• Caller can create an object on stack and pass its pointer to the callee to store results there, but the caller must be able to predict how much space will be used by the callee (e.g. gettimeofday(), strftime(), fgets(), snprintf(), ...) Typically, the callee return value has a special way to indicate whether the space provided by the caller was sufficient.
    • Not a good paradigm for data structure, even those as simple as a list. The functions to enumerate directory entries for example---opendir(), readdir(), closedir()---are awkward to use and error prone if used incorrectly.
  • What is the heap?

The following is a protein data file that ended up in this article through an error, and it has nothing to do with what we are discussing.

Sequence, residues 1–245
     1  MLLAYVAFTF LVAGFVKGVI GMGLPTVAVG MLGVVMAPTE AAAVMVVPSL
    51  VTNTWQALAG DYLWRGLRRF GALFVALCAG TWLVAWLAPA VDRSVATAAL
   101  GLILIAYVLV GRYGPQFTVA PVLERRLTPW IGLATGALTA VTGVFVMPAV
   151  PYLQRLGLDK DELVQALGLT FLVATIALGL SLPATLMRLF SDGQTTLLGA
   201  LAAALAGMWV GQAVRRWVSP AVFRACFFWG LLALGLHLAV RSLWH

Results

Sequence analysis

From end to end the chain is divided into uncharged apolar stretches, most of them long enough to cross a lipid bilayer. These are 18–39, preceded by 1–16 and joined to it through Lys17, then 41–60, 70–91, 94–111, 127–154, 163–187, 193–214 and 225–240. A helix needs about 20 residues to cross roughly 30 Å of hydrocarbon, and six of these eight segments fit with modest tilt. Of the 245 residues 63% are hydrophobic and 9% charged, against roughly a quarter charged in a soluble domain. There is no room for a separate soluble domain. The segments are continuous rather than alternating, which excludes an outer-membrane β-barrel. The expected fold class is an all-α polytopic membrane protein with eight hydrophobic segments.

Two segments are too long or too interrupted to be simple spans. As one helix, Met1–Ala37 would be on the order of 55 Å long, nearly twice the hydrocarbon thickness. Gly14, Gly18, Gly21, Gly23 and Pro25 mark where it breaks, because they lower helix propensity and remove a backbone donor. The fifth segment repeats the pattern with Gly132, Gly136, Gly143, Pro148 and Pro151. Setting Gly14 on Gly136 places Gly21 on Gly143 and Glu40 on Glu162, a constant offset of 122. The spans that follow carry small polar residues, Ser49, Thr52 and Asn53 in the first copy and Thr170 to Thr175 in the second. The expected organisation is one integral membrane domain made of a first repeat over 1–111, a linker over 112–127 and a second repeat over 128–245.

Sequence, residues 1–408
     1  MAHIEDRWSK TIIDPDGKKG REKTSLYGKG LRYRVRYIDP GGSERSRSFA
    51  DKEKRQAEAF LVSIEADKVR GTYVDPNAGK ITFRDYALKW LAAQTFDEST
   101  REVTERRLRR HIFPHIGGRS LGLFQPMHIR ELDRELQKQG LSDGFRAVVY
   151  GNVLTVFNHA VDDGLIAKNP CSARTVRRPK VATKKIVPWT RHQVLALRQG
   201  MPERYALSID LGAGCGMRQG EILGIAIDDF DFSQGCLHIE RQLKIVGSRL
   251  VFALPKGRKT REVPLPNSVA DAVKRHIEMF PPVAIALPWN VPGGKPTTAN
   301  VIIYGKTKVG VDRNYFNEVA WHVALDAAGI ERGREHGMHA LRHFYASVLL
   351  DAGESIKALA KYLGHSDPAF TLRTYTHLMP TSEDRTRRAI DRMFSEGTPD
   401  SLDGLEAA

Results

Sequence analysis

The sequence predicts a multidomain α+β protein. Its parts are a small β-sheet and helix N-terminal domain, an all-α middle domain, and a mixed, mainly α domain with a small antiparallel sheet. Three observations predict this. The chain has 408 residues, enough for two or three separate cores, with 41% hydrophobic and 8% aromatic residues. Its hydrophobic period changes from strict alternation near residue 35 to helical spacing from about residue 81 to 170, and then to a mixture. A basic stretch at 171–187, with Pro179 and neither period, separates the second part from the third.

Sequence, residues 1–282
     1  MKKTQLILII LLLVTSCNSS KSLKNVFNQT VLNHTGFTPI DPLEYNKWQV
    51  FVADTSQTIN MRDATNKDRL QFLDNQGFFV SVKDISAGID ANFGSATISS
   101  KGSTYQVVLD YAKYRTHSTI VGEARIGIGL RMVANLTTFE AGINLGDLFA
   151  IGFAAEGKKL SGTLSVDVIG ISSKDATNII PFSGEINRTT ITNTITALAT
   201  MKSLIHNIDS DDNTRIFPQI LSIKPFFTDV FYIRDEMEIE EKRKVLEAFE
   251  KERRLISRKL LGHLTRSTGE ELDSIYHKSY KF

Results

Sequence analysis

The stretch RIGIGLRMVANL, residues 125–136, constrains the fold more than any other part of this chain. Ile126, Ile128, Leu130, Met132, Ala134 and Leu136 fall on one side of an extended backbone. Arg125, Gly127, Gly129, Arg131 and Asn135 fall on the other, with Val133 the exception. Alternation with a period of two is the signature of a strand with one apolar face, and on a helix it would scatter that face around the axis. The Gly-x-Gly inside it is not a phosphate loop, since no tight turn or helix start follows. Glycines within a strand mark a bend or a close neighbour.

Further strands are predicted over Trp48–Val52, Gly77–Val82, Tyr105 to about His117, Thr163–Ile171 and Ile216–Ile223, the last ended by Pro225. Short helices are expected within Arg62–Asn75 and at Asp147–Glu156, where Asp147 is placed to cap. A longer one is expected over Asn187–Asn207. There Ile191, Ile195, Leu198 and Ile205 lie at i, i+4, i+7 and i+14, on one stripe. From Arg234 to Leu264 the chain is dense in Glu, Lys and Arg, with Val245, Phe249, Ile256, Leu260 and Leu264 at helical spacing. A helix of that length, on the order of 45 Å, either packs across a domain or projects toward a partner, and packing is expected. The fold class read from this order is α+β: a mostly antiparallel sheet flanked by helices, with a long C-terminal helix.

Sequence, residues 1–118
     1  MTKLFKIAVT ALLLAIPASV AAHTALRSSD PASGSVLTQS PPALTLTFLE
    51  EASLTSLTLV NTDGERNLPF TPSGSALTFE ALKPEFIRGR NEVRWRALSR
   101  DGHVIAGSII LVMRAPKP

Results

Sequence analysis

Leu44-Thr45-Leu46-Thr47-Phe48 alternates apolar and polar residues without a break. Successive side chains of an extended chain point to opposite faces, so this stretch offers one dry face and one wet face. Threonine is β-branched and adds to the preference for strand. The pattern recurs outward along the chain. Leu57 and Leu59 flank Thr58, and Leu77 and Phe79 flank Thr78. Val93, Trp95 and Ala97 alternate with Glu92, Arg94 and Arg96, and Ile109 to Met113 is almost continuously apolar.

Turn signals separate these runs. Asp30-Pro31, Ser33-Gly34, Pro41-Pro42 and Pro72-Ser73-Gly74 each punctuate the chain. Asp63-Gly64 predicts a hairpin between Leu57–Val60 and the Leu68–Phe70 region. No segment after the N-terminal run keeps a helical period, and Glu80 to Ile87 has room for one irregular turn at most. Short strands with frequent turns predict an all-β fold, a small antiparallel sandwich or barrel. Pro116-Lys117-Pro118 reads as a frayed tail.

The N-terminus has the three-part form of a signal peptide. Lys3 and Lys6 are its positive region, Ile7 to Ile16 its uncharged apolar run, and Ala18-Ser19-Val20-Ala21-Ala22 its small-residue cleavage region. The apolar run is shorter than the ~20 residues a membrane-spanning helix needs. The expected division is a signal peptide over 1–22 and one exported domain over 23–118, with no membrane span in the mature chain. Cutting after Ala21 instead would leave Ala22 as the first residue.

• Traditional Unix process views the heap as an extension to the data section, in order to store additional "global" objects created in run time. The data section typically stores objects created as a global variable.
    • Heap is grown in opposite direction to the stack (see figure on the right).
    • The brk() system call sets the end of the data section; sbrk() is a wrapper that remembers and returns the previous end of the data section, and adjusts the new end by the given number of bytes. In other words, use of sbrk() feels like malloc().
    • There is no corresponding free() for the data section. The end of the data section can be shrunk, but one must take the trouble to ensure that the shrinkage does not cause objects that are still in use to be invalidated.